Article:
Career Notes 10.11.20
Ep 19 | 10.11.20

Geoff White: Suddenly all of the pieces start to line up. [Journalism]


Geoff White: My name is Geoff White and I'm an investigative journalist covering technology. We're quite geeky, my brother and I, you know, we had a ZX Spectrum, which I've still got. I'm actually looking at the ZX Spectrum at the moment. So clearly we were we were geeky as youngsters. I just got interested in journalism, I guess a little bit at university. I did work experience a couple of newspapers, and I'm not quite sure what it was. I think, like a lot of people had the idea that journalism was quite glamorous. It is and it isn't, you know, maybe come on to that later. But, yeah, there were some there were some glamorous bits, I suppose, and some less glamorous bits. But the heart of it all is communication is basically taking stuff that's that's known about by a certain group of people and communicating it to the general public and just, you know, being able to use use words to craft a story, to get something over to people and get and get their attention and say, "Look, this is important. You should read this." I think that was what was what was the heart of my my attraction to it.

Geoff White: I started doing I started at local newspapers, which, you know, is the classic. I don't know whether you have these in the US to the same extent, but the kind of local news, you know, cat stuck up tree kind of thing. Went on to magazines and then then started doing bits of radio and television. And I kind of stumbled into the technology beats. There was a reporter at the time who was doing technology and he needed a producer to work with him. In television, you often have a reporter and the producer, the reporter is on camera and the producer works behind the scenes. And I actually worked for an Internet advertising company before that. So I built my own website lovingly in HTML and handcrafted my website at HTML, so I sort of knew which end of a computer was which. And so the bosses saw that. And so we paired up and said to be on. Since then, I haven't looked back. That's been my career really for the past 10 or 12 years.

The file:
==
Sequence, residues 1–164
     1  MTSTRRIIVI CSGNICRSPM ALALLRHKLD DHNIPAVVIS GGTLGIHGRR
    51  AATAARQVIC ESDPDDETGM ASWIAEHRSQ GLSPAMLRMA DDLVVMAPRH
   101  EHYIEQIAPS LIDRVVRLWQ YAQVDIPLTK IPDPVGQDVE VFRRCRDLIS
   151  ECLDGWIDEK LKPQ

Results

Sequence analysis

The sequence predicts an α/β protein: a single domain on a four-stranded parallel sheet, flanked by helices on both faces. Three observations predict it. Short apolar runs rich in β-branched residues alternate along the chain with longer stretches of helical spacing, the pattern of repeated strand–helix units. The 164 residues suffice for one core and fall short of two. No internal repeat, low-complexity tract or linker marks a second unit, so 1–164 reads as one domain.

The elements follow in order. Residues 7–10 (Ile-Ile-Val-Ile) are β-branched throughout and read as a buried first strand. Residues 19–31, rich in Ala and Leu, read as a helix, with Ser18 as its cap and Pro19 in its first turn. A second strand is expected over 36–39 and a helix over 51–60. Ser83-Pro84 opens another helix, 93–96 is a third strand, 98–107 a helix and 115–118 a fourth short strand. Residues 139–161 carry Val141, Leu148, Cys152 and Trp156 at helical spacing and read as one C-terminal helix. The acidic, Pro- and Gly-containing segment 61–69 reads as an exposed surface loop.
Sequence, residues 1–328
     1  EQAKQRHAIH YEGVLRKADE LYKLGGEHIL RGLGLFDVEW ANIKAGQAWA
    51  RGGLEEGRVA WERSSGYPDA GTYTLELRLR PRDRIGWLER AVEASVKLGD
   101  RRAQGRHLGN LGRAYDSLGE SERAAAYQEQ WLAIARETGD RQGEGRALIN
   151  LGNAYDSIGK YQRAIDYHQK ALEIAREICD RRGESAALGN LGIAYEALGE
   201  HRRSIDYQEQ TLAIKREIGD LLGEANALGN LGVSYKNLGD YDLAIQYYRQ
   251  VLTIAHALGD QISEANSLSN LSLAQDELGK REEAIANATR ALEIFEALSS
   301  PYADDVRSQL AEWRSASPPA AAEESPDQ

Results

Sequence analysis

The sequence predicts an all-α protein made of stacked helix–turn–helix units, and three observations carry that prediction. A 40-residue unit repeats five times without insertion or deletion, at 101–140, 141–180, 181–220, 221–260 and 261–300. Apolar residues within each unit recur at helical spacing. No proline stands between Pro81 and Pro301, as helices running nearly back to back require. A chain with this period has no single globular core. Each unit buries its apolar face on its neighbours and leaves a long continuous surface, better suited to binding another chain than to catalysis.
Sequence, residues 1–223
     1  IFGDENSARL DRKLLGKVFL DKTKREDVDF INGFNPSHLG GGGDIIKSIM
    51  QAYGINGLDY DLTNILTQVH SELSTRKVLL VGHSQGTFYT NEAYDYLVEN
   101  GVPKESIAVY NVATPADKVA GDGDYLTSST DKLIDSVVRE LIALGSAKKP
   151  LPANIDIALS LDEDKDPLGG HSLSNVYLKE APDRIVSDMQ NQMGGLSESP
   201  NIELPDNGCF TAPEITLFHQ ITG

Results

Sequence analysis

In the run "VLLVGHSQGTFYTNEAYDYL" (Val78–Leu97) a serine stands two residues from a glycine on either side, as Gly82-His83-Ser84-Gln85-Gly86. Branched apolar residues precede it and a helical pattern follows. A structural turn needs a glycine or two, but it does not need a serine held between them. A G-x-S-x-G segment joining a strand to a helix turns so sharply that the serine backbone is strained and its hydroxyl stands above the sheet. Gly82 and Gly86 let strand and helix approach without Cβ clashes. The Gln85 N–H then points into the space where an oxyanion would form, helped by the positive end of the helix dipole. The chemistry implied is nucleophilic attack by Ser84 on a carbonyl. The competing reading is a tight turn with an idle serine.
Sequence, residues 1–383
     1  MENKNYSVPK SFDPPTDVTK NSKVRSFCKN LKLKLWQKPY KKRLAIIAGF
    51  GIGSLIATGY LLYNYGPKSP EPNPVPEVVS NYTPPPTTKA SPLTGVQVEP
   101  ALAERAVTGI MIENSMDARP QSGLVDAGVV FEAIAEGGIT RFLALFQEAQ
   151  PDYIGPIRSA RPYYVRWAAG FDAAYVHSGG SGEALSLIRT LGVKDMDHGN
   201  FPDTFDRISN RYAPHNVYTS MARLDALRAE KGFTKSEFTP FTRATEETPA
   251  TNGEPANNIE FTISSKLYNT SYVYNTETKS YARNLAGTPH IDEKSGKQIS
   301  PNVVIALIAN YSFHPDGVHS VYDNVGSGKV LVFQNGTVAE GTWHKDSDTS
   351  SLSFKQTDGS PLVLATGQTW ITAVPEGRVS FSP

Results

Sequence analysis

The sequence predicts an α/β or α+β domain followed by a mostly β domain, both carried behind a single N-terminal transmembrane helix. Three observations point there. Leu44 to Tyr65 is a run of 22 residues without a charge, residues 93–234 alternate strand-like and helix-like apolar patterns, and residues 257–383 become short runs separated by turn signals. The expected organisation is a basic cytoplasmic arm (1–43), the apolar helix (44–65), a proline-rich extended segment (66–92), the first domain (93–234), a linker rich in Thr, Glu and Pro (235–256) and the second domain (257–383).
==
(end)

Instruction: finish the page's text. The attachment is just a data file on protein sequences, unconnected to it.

Geoff White: Honestly, the favorite part is, is being a real pain in the ass for people who believe that their power and their money exempts them from having people being a pain in their ass. I have to say with some of the technology companies, you know, when you phone them up and you say, look, I've discovered this particular thing, that the reaction sometimes is one of almost bewilderment, that that you you're accusing them of anything other than saving the world. The problem is when you sort of point out the unpleasant truth, which is, well, hang on, you've got a massive problem with X, you know, with monopoly practices or with child protection or whatever, it sort of burst their bubble a bit. It's like, oh, we're not saving the world. We've got issues. So, you know, that's the that's the bit that I really enjoy almost popping that bubble and saying, no, you're you're no better than anybody else, mate. You've got to I've told you about a problem. Now you have to fix it.